Please support Telehealth.org’s ability to deliver helpful news, opinions, and analyses by turning off your ad blocker.
After the start of the COVID-19 public health emergency, the Department of Health and Human Services (HHS), prohibited “information blocking” practices by covered entities who had restricted the free flow of EHI. The essence of the rule is to mandate quick and easy access to EHI by covered entities as well as between those entities and clients or patients. The new federal rule will take effect on April 5, 2021, and is part of the 21st Century Cures Act, which is designed to promote secure access and exchange of electronic health information (EHI).
Before this rule, clients and patients needed to request a copy of their EHI, then could be asked to wait up to 30 days before gaining access. Once the rule is effective, professionals or organizations controlling this information will need to provide prompt and direct access to the EHR system or patient portal for patients to download their information.
What Is Information Blocking?
Information blocking is a practice that is likely to interfere with access, exchange, or use of EHI, except as required by law or specified by the Secretary of Health and Human Services (HHS) as a reasonable and necessary activity. The new information blocking law applies to health IT developers of certified health IT, health information networks (HINs), health information exchanges (HIEs), or health care providers.
What is the Relevance of the HHS Information Blocking Rule to Providers?
In the midst of the COVID pandemic-related relaxation of enforcement for some of HIPAA’s other privacy and security rules, the Office for Civil Rights has stepped up its enforcement efforts in support of patient’s right to access to records as part of the OCR’s “HIPAA Right of Access Initiative,” announced in 2019. This initiative was taken in response to mounting complaints by patients who were being denied access to their records by their healthcare providers and organizations. These groups are known as “covered entities,” and further defined here. See Telebehavioral Health Institute’s (Telehealth.org) articles describing twelve enforcement actions related to the Right of Access: 5 HIPAA Violation Fines for Failing to Grant the Right of Access and More HIPAA Right of Access Violations Reported by OCR“ for more detailed enforcement information.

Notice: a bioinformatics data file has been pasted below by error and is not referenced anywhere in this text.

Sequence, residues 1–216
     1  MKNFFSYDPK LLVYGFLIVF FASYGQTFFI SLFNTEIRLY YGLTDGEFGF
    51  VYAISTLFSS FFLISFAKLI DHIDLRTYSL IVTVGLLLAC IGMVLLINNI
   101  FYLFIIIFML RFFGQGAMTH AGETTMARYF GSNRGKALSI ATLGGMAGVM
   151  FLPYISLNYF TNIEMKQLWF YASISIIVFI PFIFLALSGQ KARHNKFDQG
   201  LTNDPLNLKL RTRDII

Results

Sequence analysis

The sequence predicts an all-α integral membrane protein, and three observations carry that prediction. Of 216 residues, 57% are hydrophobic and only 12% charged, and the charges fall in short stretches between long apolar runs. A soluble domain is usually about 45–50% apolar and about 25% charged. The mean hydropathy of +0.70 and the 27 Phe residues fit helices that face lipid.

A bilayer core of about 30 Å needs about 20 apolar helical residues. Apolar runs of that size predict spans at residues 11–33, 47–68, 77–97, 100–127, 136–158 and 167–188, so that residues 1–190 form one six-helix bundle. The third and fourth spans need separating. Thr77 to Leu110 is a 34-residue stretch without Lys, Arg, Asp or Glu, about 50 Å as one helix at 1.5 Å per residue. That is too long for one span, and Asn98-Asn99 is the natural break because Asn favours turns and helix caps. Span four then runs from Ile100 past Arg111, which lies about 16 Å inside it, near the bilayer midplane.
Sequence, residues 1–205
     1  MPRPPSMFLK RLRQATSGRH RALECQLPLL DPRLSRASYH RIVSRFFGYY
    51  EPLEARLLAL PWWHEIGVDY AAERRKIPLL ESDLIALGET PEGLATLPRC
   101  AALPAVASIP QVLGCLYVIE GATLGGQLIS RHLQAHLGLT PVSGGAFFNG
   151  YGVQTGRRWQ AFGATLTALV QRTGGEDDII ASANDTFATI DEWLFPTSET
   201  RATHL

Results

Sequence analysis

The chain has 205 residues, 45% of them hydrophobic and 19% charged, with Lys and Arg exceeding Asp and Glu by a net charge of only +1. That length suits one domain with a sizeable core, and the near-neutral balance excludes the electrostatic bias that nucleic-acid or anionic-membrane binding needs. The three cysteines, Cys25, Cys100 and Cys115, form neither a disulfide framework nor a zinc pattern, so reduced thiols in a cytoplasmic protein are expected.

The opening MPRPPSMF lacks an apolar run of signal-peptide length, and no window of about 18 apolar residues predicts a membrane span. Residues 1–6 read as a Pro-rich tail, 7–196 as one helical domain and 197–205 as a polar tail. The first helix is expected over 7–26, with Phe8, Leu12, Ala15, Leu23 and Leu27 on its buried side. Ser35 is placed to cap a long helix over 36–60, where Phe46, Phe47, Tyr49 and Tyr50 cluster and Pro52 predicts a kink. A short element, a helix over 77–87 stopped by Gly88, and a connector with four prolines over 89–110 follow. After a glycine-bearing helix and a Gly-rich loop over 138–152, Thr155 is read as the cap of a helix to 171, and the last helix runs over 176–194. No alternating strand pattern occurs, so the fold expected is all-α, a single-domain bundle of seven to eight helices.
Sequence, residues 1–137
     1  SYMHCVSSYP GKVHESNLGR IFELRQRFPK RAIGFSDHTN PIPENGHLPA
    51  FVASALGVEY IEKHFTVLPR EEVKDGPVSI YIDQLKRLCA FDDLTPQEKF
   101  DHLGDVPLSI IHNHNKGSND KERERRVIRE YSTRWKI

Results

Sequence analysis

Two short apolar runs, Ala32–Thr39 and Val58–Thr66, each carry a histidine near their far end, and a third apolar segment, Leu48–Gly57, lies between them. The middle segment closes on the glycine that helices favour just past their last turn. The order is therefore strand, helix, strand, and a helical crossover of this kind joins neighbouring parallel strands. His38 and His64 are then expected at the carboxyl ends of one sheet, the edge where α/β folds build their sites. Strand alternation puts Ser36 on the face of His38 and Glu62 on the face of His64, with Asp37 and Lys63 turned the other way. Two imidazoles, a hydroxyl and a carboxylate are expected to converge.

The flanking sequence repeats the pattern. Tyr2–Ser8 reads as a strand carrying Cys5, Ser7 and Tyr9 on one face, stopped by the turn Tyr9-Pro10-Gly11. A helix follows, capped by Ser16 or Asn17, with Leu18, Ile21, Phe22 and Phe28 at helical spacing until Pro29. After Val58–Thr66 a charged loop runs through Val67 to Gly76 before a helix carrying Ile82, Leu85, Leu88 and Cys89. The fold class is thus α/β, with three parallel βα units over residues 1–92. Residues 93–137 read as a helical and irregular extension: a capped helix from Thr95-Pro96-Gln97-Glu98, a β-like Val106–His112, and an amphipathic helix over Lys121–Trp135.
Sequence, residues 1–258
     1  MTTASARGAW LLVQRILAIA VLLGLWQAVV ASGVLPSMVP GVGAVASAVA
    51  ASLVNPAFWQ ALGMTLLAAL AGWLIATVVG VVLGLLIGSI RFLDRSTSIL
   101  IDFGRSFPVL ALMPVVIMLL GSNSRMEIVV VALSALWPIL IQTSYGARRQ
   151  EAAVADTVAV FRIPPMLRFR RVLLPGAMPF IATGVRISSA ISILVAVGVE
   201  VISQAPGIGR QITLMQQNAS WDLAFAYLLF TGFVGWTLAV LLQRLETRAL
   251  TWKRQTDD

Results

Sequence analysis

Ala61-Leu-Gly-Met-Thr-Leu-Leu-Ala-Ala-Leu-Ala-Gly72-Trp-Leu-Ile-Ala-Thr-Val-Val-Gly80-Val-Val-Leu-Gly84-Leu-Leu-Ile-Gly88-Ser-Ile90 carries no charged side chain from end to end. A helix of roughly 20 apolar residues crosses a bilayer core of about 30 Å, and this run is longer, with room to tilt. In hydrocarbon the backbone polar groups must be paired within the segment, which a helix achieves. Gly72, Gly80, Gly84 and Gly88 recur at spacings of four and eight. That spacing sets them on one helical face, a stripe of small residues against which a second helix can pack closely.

In the final Information Blocking Rule, HHS has identified eight categories of reasonable and necessary activities that do not constitute information blocking, provided certain conditions are met (referred to as “exceptions”). The exceptions support seamless and secure access, exchange, and use of EHI and offer actors the certainty that practices that meet the conditions of an exception will not be considered information blocking. These actors include the above-identified health IT developers, health information exchanges (HIEs), health information networks (HINs) or health care providers.
Does the New Information Blocking Rule Change HIPAA?
The new information blocking rule doesn’t change HIPAA’s rules about which types of health information can be accessed. The rule requires instant access, thereby removing the HIPAA 30-day time frame previously allowed for a response to a client or patient’s request for access to their electronic records. In short, the new rule applies to:
- Professionals who use EHRs
- Professionals who work in large health systems already be using EHRs
Information Blocking Rule Exceptions
- Professionals who keep EHI but do not have an EHR that allows for direct and instant patient access
- Professionals acting to prevent client or patient harm
- Professionals who keep paper records
For Further Information
For more information, including many additional examples of practices that could constitute information blocking, visit the Office of the National Coordinator for Health Information Technology (ONC) statement describing the Final Rule Policy and in particular, the Information Blocking webpage. Yet more general information can be obtained on the Cures Act Final Rule webpage.
HIPAA Compliant Cybersecurity for Professionals
Must-know information about how to protect your telehealth practice from a ransomware attack. Operate w/ EYES WIDE OPEN.